HA: That was so good. There’s not a lot of diversity in Maine, so when they saw a Muslim woman competing, they were so proud. At the same time, the whole town, literally, except for a few people, were giving me dirty looks. But I just went up there and slayed. The judges didn’t pick me because you don’t see Muslim women being chosen for pageants.

GH: You need courage to put yourself out there, especially when you’re the first at what you do. Know that with every time that you hear “no,” you’re working your way toward “yes.”

HA: That’s so true. Every “no” is getting me closer to my goals. I feel like everything is planned.

GH: There’s always a little bit of destiny. I think that you’re on the right path. That’s what UNICEF is amazing for: helping children out of difficult situations, because you never know what possibilities lie ahead.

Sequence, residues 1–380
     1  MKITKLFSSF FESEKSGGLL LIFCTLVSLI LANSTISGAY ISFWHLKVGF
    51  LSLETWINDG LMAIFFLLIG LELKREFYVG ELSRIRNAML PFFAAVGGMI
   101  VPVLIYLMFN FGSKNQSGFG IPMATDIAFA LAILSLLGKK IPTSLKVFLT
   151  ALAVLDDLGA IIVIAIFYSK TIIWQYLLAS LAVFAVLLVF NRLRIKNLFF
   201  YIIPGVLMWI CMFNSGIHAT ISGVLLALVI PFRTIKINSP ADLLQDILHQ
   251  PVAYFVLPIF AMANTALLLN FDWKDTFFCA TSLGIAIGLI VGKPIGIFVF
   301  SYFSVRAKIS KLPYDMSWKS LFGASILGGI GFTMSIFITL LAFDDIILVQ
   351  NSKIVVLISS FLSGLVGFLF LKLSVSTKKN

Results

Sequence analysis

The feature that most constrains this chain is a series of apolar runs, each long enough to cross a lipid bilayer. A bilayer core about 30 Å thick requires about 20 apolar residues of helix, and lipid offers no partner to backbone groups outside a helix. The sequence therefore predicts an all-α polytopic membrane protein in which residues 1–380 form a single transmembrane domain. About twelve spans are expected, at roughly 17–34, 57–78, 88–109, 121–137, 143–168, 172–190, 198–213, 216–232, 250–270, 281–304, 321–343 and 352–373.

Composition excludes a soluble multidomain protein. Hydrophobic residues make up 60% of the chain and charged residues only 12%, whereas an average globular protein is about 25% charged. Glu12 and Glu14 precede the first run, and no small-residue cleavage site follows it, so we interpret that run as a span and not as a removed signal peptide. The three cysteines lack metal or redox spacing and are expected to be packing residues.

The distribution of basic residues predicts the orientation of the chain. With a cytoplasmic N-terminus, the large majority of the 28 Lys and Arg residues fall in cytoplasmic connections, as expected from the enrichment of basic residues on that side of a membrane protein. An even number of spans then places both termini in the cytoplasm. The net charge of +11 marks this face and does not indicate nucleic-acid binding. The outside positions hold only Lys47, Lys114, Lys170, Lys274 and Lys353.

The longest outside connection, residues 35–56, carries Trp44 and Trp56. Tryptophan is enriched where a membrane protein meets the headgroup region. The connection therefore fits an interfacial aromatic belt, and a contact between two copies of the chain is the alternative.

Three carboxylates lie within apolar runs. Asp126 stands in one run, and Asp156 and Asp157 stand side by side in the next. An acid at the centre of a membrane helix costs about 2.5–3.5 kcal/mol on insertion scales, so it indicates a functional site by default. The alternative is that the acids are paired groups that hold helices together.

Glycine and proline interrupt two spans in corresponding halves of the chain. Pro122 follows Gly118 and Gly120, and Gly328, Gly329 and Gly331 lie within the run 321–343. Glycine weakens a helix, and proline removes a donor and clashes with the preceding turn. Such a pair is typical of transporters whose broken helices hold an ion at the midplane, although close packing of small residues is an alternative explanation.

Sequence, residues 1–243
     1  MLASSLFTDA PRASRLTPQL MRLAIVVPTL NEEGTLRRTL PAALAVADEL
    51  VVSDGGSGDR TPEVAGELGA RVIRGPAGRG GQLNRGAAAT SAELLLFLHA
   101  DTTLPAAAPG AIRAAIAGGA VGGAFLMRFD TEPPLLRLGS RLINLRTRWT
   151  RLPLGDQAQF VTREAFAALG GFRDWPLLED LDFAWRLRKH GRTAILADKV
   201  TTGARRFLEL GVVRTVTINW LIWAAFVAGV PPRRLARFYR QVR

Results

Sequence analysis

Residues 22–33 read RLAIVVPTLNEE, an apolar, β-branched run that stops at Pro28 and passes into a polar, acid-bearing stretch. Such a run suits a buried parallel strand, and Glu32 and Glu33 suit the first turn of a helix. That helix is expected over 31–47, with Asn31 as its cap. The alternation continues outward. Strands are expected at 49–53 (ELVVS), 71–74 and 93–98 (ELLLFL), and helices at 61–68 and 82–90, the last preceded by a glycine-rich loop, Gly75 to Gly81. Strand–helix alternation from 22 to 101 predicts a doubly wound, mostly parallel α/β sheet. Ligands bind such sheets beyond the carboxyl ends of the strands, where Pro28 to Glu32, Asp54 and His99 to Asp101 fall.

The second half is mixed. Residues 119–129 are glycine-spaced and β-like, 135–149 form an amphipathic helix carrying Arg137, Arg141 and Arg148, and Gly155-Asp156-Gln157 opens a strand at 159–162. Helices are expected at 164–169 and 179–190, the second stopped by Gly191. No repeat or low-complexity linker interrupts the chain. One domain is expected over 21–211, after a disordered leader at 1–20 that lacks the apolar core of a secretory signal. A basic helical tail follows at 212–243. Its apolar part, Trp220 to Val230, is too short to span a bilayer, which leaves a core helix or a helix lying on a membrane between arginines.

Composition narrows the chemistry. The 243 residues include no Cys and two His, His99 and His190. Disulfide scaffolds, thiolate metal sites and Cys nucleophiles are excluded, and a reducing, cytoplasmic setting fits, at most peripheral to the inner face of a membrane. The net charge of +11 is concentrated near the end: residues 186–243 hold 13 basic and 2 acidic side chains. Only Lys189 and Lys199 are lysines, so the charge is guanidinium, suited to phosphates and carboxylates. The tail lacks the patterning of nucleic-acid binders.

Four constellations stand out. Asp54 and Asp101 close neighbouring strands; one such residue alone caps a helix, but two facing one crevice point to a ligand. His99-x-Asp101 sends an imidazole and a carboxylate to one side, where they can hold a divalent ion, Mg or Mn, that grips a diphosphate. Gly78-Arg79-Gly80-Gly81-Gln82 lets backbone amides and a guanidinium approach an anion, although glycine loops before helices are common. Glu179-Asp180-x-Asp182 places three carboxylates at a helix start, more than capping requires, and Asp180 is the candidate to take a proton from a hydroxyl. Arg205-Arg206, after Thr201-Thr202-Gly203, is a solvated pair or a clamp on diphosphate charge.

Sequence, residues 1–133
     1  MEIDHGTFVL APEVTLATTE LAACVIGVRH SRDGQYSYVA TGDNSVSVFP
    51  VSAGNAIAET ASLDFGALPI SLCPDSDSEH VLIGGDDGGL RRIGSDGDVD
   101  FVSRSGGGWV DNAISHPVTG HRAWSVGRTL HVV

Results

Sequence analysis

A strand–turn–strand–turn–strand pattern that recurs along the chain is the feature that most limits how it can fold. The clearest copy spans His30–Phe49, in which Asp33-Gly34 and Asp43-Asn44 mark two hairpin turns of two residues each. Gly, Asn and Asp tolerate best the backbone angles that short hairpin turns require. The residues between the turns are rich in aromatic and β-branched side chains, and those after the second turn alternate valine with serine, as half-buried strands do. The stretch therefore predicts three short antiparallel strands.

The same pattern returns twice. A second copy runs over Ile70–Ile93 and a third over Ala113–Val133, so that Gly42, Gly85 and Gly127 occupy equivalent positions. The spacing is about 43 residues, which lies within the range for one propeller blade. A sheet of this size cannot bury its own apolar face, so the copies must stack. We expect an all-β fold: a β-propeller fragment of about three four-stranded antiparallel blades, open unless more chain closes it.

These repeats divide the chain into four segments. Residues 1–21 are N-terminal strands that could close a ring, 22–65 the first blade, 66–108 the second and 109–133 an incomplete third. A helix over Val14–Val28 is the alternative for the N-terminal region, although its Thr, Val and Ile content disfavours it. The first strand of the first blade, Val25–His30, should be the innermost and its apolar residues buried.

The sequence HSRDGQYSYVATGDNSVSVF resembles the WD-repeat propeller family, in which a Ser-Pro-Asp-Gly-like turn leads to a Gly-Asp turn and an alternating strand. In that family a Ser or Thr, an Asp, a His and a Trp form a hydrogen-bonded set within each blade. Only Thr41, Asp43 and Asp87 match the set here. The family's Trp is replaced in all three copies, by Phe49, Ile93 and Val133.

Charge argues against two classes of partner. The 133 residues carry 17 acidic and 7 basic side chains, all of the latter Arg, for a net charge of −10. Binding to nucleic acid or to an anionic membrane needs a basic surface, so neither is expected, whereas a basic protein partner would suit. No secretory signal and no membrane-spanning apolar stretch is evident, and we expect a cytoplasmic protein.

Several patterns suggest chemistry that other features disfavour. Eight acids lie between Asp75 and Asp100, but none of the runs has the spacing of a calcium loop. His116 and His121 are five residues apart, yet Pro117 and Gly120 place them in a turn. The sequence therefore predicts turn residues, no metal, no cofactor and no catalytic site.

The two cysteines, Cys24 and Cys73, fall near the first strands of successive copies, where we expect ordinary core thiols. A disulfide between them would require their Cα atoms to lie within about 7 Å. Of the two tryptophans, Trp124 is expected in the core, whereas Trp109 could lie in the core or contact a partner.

HA:That’s really true. UNICEF has done so much for me and my family.

GH: It’s also amazing because here you are telling your story for so many people to hear in CR Fashion Book. You’re beautiful, and you’re going to be such a voice not only for refugees around the world, but for Muslim women in the fashion industry.

HA: It’s a very exciting moment.

GH: There are still so many children seeking a better future. Are there any words of hope you’d like to tell those kids?

HA: No matter where you are in the world and what your situation is, keep dreaming and know that your dreams are valid. Bad situations are only temporary. It will get better. Know that there’s hope out there and that people are advocating for you.

CR Fashion Book Issue 13 will be on newsstands starting September 13, 2018. To pre-order an advance copy, email online[at], and sign up for our newsletter for exclusive stories from the new issue.